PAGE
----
Manila, Philippines: World champion Lucas Matthysse on Wednesday vowed a fight "to the death" in his July title defence against Manny Pacquiao, calling the Philippine boxing star "past his prime".
But the 35-year-old Argentine -- who took the vacant World Boxing Association welterweight title in January -- said it was still a "dream-come-true" and "an honour" to face Pacquiao, winner of eight unprecedented world titles in different weight classes.
"Obviously he is still a very great fighter but since the knockout of Marquez, I think he is not the same fighter anymore," Matthysse said at a joint news conference in Manila, referring to the Filipino's sensational 2012 knockout loss to Juan Manuel Marquez.
Pacquiao, 39, will fight Matthysse for the WBA welterweight belt on July 15 in Malaysia's capital Kuala Lumpur.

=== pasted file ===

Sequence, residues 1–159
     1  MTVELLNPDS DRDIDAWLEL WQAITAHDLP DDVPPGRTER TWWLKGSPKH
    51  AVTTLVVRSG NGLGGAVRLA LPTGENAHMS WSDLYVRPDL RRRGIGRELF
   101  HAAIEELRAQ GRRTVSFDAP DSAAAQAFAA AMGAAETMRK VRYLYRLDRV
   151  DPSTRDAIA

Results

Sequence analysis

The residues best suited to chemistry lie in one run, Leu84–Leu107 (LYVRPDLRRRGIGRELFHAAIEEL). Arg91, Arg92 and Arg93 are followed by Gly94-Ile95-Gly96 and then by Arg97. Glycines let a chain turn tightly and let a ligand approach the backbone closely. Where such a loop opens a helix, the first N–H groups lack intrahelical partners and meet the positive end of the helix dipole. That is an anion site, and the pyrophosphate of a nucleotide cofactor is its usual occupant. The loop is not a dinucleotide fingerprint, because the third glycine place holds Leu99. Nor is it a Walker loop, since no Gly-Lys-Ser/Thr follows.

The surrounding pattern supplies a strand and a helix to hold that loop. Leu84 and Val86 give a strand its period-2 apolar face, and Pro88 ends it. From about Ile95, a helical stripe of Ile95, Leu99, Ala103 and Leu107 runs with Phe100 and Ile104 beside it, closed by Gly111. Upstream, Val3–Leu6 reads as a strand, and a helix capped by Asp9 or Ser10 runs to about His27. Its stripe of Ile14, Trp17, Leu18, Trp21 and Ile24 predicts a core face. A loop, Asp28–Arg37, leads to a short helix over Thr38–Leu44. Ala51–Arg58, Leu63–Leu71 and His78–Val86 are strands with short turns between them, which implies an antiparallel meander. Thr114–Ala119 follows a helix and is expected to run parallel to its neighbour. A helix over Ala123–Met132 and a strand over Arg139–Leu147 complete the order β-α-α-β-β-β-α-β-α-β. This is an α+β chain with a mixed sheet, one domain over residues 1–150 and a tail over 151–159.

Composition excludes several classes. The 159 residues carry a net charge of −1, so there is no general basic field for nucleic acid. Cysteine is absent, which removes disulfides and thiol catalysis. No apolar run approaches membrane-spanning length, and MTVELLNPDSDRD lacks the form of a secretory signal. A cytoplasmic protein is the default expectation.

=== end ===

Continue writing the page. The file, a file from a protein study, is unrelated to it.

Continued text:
The Filipino has 59 wins with 38 knockouts in his career, and is currently a senator in the Philippine parliament. Many in the country believe he will one day run for president, but Pacquiao has insisted that he is happier in the ring than in politics.
But Matthysse -- who has 39 wins with 36 knockouts in 43 matches -- said he was not fazed by the status of his opponent.
"Sure, Manny has won so many titles... I (have) only won one title. I am not going to give it up. I will die for it if I have to," he said.
"I will defend this title to the death."
Pacquiao has not fought since he lost his World Boxing Organization welterweight crown in a shock points defeat to Australia's Jeff Horn last year, and has not knocked out an opponent in nearly nine years.
He insisted, however, that he was far from finished.
"That is what I am trying to prove this coming July 15 that Manny Pacquiao is not done yet in boxing," he said.
"I keep on fighting because boxing is my passion and I love raising the flag of the Philippines."
After the Matthysse fight, Pacquiao has said he wants to take on Vasyl Lomachenko, the Ukranian superfeatherweight WBO champion currently considered by many to be the world's top "pound-for-pound" fighter, an unofficial honour Pacquiao once held.